Tuesday, December 18, 2012

Mochi: The Solution

Somehow, I heard of the mochi-tsuki-ki a few weeks ago. I don’t remember how this happened. A mochi-tsuki-ki is a mochi making machine, which cooks mochi and then pounds it into putty. At the end, the mochi desirer is left with a nice, hot pile of perfectly pounded mochi, sometimes even cut into individual pieces. This machine is amazing!

(Not only amazing, the mochi-tsuki-ki is also precedent-setting. Apparently, it was the inspiration for Western bread making machines. I don’t know whether one could make bread in a mochi-tsuki-ki, but it would seem that the reverse is quite impossible. The mixing action necessary to make mochi is far beyond the capabilities of a bread machine.)

The conclusion was clear; I needed a mochi maker. It was the absolute only way to bring kosher mochi into the house. There were just a few problems.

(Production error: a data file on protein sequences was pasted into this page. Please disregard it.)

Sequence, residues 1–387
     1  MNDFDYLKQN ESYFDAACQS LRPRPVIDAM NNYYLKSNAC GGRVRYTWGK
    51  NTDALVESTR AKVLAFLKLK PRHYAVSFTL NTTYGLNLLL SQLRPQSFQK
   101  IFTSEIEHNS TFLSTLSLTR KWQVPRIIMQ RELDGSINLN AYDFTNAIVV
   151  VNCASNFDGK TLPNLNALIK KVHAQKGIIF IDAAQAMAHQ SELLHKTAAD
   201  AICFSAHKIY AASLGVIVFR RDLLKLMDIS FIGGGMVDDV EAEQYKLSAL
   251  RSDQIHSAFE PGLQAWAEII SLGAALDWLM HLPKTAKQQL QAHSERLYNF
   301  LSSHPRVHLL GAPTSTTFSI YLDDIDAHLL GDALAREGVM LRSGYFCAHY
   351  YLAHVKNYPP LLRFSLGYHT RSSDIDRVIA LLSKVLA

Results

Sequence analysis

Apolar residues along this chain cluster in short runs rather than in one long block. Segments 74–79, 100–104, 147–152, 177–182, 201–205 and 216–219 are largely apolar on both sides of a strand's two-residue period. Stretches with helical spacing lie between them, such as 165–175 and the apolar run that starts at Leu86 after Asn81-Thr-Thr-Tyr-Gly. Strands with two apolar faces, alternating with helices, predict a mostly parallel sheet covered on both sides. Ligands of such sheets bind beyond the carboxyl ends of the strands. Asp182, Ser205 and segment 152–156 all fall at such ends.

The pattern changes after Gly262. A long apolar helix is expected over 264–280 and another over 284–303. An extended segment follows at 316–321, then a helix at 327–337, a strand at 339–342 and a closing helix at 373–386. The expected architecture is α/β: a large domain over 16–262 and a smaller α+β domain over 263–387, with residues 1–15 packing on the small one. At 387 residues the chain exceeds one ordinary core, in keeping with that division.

Mochi makers are big. They don’t come in different sizes; all mochi makers appear to be ten-cup-capable machines. Mochi makers are more powerful than bread makers, and also at least as big.

They are also pricey – over $300. That is a lot of money for a single-function machine that one might use two or three times a year.

Still, if there’s no other way to make mochi, and if never going to get past my (ten years running) obsession with wagashi, then it seemed that a mochi maker was the only way to move forward.

As I pondered the pros and cons of purchasing a machine that had a whole lot of strong pros and strong cons involved, I continued searching the internet for any other way that I could make mochi. Or even just find mochi that I could bring into our kitchen.

Finally, mochi salvation came in the form of a post called “Homemade mochi the modern way” from the JustHungry blog